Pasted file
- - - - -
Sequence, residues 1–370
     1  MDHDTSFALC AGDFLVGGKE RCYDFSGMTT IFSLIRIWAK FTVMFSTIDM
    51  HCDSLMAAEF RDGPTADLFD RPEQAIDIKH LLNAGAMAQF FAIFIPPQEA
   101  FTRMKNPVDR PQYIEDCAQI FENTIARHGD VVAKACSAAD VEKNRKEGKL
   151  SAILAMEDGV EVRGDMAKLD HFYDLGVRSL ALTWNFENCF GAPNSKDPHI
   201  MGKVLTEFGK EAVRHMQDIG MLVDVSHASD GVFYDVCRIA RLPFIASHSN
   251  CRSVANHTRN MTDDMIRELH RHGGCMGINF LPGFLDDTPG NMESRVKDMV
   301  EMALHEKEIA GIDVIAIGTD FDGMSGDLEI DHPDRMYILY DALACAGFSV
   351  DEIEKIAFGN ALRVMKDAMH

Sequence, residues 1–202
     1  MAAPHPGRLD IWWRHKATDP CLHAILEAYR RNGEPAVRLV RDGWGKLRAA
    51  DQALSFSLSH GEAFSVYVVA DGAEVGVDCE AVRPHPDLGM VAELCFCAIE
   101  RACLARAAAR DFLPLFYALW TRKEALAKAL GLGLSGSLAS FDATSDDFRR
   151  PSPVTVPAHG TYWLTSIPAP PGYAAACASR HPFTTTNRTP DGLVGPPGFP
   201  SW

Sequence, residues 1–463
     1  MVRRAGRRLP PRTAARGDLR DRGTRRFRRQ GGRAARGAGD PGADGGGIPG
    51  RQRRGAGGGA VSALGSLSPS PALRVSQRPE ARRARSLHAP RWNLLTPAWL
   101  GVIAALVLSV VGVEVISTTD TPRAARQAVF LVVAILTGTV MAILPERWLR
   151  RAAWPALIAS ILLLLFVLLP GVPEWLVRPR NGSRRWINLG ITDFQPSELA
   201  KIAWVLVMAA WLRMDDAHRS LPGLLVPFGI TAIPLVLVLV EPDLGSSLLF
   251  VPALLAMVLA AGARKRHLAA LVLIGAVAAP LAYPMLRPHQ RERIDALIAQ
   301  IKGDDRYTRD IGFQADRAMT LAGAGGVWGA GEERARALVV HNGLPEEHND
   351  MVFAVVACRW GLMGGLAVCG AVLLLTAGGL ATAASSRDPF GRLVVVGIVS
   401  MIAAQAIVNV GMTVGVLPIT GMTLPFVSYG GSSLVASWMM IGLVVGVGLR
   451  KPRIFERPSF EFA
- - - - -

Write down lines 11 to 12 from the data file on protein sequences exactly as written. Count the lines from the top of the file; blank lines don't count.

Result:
     1  MAAPHPGRLD IWWRHKATDP CLHAILEAYR RNGEPAVRLV RDGWGKLRAA
    51  DQALSFSLSH GEAFSVYVVA DGAEVGVDCE AVRPHPDLGM VAELCFCAIE